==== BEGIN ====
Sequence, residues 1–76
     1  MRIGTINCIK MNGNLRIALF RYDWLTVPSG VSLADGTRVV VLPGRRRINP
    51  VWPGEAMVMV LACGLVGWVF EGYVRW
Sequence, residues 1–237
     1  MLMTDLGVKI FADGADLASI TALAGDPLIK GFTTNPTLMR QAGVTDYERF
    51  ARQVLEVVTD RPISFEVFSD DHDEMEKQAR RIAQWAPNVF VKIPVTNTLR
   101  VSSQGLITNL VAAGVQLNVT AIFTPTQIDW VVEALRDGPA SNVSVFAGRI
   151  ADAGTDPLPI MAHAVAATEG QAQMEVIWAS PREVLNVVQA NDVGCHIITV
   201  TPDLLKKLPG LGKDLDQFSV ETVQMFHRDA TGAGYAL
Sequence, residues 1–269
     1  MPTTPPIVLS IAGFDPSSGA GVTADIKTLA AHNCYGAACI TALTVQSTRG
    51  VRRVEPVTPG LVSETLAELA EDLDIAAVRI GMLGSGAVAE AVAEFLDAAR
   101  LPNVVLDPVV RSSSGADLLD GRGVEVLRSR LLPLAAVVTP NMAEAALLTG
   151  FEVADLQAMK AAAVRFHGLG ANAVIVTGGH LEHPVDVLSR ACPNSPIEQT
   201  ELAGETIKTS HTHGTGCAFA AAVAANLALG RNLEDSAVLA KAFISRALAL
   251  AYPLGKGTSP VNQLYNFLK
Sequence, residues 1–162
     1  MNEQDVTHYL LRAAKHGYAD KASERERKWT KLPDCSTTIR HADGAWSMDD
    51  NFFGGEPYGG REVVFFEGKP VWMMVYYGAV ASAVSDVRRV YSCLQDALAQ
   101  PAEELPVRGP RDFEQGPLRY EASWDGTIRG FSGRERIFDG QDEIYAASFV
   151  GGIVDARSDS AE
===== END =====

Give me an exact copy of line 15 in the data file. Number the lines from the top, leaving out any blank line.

   201  ELAGETIKTS HTHGTGCAFA AAVAANLALG RNLEDSAVLA KAFISRALAL